State Democratic lawmakers have declared war on the state League of Women Voters. The staunchly nonpartisan group, a frequent Democratic ally on public-policy issues, is allied with Republicans in backing a reapportionment measure that Democrats hate.
The league got directly involved in the reapportionment issue last June, when it endorsed Proposition 119. Authored by San Mateo County Supervisor Tom Huening, a Republican, the June ballot measure would take redistricting power from the Legislature and give it to a 12-member commission. Retired appellate-court justices would appoint the commission members--five Democrats, five Republicans and two independents. Racial, ethnic, gender and geographic diversity would be required.
As do the Democrats, the league opposes Proposition 118, which would keep redistricting in the hands of legislators. It likes Proposition 119 because it is "partisan neutral" and political power is shifted from officeholders to voters.
Democratic leaders in Washington and California don't see reapportionment in anything but partisan terms, since their legislative control is on the line. To protect themselves, they have mounted a multimillion-dollar campaign to defeat both reapportionment measures.
Essentially, Democrats contend that Proposition 119 would let big money and special interests shape the post-census political map. Their agents would be the judges who'd appoint the commission, or "mostly old white men," to use Assembly Speaker Willie Brown's description.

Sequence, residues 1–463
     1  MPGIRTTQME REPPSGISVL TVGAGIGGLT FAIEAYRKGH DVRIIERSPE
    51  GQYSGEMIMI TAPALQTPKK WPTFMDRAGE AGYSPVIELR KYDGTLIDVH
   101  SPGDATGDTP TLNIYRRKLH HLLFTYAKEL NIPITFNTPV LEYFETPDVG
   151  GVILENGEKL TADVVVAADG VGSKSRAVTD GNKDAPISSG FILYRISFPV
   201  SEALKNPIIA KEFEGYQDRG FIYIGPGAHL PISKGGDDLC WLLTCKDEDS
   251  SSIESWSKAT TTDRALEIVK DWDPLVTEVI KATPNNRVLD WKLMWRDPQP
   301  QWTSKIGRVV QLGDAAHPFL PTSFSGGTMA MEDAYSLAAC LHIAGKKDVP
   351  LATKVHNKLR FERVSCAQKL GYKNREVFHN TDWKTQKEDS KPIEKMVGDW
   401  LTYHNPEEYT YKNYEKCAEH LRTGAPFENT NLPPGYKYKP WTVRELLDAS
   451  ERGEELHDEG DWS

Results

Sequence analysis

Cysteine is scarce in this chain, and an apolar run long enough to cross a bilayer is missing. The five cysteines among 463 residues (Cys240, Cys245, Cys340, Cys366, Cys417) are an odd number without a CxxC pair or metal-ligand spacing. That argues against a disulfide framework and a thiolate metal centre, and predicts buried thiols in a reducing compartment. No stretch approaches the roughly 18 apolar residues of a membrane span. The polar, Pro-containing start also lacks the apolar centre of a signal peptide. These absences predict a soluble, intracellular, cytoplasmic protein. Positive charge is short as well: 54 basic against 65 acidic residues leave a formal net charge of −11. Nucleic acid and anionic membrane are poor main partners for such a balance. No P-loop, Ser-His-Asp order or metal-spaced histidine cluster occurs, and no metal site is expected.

Its endorsement of Proposition 119 has clearly tarnished the league's luster in Democratic circles. At a recent women's forum in Ontario on redistricting, Brown implied that the League of Women Voters should stay in the kitchen where it belongs. Since last summer, Democratic lawmakers in Sacramento have unmercifully dumped on the organization's 17-year lobbyist, Margaret Herman. "I've never seen anything like it," she says.
Michael Galizio, Brown's chief of staff, refused to meet with Herman to discuss some policy issues on the ground that the league is "too partisan." Assemblyman Richard Katz (D-Sepulveda), Brown's chief remapping deputy, said many colleagues were surprised at the league's "naivete" and "Alice in Wonderland" attitude in backing Proposition 119. "The league," said Katz, "has sold out to the GOP."
All this has fostered a move within the league to reconsider its support for Proposition 119. A letter discrediting the commission idea is currently being circulated.
But league president Carole Wagner Vallianos said that she would not hesitate to go to court to defend her group's nonpartisan reputation. She has challenged Speaker Brown to a debate on the pros and cons of Proposition 119.
How did Democratic gubernatorial candidate Dianne Feinstein come upon the idea to use Richard Nixon to fend off John Van de Kamp's negative TV ad assault and call for a positive campaign?
Feinstein chose the Nixon "smear" metaphor after hearing the reaction of old political war horse Hadley Roff, an aide, to a Van de Kamp speech last month in San Jose. The attorney general linked Feinstein to convicted Sacramento legislator Joseph Montoya and the crimes of ex-Philippine dictator Ferdinand Marcos.
"That sounds like Nixon smearing Douglas," said Roff, referring to the 1950 U.S. Senate campaign. Nixon christened Democrat Helen Gahagan Douglas the "Pink Lady" for her allegedly leftist views.